The Myanmar Times - - Sport -

ASINGLE, rub­ber flip-flop; a ba­nana peel; a hand­ful of sta­dium chairs – all this and more lit­tered the edge of the pitch in Man­dalay’s Man­dalar Thiri Sta­dium on July 4. The de­bris came rain­ing down dur­ing the Myan­mar vs Viet­nam semi­fi­nal of this year’s AFF Women’s Cham­pi­onship. Af­ter the home team man­aged a heroic come­back and pulled ahead in the first minute of ex­tra time, a rau­cous crowd of 30,000 White An­gel sup­port­ers thought their cham­pi­onship tick­ets were booked. But a controversial, last-minute penalty kick tied the match at 3-3, and Myan­mar would go on to lose the game in a shoot-out, 5-4.

The turn­ing point came in the fourth and fi­nal minute of ex­tra time, when South Korean ref­eree Oh Hyeon Jeong awarded a shock­ing penalty kick to the vis­i­tors af­ter Myan­mar keeper fouled Viet­namese striker Huynh Nhu in the box.

The de­ci­sion drew out­rage from the home crowd, who had turned out in droves to see if the White Angels could se­cure a berth in the ti­tle match. Ad­di­tional se­cu­rity was called into the sta­dium as dis­gusted fans threw trash, shoes, their own chairs and uniden­ti­fi­able bits of food from the stands.

Dur­ing the tu­mult, star striker Minh Nguyet stepped up and buried the penalty kick, scor­ing the equal­izer – two min­utes af­ter the ex­tra time was sup­posed to have ended – at 90’ (+6).

Soon af­ter, ref­er­ees were forced to halt the game for nearly half an hour as the fans ram­paged, even­tu­ally caus­ing roughly K2 mil­lion (US$1700) in dam­ages to the sta­dium. Once the game was back un­der way, a backand-forth over­time failed to pro­duce a win­ning side. The match would be de­cided by the shoot-out, in which Viet­namese keeper Kieu Trinh blocked Myan­mar cap­tain Su­nisa Srangth­a­song to steal the vic­tory.

Af­ter the game, Myan­mar coach coach Roger Rei­jn­ers ad­dressed the fan re­ac­tion in pos­i­tive terms.

“I would like to thank the Myan­mar peo­ple,” he said. “I never saw the stands that full for a women’s game.”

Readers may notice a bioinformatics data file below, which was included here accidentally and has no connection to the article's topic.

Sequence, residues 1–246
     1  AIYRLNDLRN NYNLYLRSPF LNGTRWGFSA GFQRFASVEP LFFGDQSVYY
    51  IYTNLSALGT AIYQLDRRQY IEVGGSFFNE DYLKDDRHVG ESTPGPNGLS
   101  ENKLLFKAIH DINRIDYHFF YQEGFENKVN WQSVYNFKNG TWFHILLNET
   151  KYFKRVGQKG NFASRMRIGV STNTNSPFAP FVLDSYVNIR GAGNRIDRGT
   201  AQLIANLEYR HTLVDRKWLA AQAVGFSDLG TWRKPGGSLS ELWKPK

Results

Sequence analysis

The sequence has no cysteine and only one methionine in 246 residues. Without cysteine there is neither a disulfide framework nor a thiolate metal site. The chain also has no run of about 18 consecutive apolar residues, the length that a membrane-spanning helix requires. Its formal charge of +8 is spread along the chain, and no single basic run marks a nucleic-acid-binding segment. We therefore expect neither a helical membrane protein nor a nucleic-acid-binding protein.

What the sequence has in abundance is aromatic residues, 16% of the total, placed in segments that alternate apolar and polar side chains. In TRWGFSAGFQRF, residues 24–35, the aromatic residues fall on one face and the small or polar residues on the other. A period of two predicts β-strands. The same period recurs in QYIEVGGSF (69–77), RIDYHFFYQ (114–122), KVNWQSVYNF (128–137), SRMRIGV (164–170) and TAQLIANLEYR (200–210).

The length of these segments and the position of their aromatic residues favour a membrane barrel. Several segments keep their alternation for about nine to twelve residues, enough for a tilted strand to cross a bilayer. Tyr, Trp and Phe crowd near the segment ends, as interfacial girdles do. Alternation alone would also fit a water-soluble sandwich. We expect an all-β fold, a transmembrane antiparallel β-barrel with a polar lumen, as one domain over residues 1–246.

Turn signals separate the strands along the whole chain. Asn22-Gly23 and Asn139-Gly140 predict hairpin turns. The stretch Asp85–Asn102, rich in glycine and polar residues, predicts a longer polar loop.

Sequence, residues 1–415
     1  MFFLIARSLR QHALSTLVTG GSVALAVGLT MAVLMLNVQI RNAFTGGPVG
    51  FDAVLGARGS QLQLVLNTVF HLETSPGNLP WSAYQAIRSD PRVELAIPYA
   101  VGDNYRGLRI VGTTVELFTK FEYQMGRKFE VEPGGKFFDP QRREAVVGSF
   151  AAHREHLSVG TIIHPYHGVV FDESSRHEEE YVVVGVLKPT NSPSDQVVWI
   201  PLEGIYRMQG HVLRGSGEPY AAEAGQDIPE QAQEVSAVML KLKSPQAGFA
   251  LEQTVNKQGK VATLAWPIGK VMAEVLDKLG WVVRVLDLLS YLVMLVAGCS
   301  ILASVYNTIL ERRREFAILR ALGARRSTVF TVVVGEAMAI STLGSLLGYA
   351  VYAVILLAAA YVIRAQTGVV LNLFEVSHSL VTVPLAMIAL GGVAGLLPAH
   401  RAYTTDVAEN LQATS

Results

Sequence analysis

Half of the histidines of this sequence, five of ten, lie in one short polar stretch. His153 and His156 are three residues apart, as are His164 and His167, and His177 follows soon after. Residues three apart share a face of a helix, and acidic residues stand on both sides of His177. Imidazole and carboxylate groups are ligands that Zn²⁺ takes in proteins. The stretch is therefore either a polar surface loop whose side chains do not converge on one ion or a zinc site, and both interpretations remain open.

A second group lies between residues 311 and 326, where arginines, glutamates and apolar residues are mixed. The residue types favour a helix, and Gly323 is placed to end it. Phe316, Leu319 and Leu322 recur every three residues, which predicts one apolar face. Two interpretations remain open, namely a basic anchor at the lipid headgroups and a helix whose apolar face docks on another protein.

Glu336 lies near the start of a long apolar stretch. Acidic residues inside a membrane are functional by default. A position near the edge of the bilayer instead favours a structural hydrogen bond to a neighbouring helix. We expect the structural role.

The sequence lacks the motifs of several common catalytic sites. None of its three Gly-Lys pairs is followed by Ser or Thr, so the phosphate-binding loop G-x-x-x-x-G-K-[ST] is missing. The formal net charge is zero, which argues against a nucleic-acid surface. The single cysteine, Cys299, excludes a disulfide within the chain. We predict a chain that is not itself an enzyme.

His coun­ter­part Mai Duc Chung was equally im­pressed.

“We were lucky in the penalty kicks,” he said. “But I’m im­pressed by the Myan­mar peo­ple. Women’s matches need more spec­ta­tors and to­day I’m amazed by the fans’ pas­sion.”

Viet­nam jumped out to an early lead thanks to back-to-back goals from Huynh Nhu and Tuyet Dung in the 15th and 16th min­utes. But Myan­mar stormed back af­ter the break, notch­ing their first goal in the 60th minute on a goal from Win Theingi Tun. May Thu Kyaw lev­elled the con­test 16 min­utes later, set­ting up a fran­tic fi­nal 15 min­utes.

Myan­mar pushed ahead in the 90th minute on a penalty kick of their own, awarded af­ter Bui Thi Nhu’s hand­ball. Win Theingi Tun scored her sec­ond goal of the match, and it seemed Myan­mar had the come-from-be­hind vic­tory in hand.

“In the sec­ond half, we got one goal back and sud­denly, we were con­fi­dent again,” Rei­jn­ers said. “Then we got the equaliser, and we even lead the game. But … our play­ers need to take care of details.”

He had no harsh words for the ref­eree’s de­ci­sion.

To­day, the White Angels look to bounce back to face Aus­tralia’s U-20 team in the third place match. They drew 1-1 in their group stages match. Viet­nam will face Thai­land in the fi­nals. – Ad­di­tional Re­port­ing Kyaw Ko Ko and Than Naing Soe

Photo: Kyaw Ko Ko

Se­cu­rity forces at­tempt to calm an in­censed crowd at Man­dalar Thiri sta­dium on July 4, af­ter a controversial penalty sent the semi­fi­nal match be­tween Myan­mar and Viet­nam into over­time.

Photo: Kyaw Ko Ko

The fans did K2 mil­lion (US$1700) worth of dam­age.

Photo: MFF

Myan­mar’s Win Theingi Tun cel­e­brates af­ter seem­ingly putting the game away dur­ing ex­tra time.

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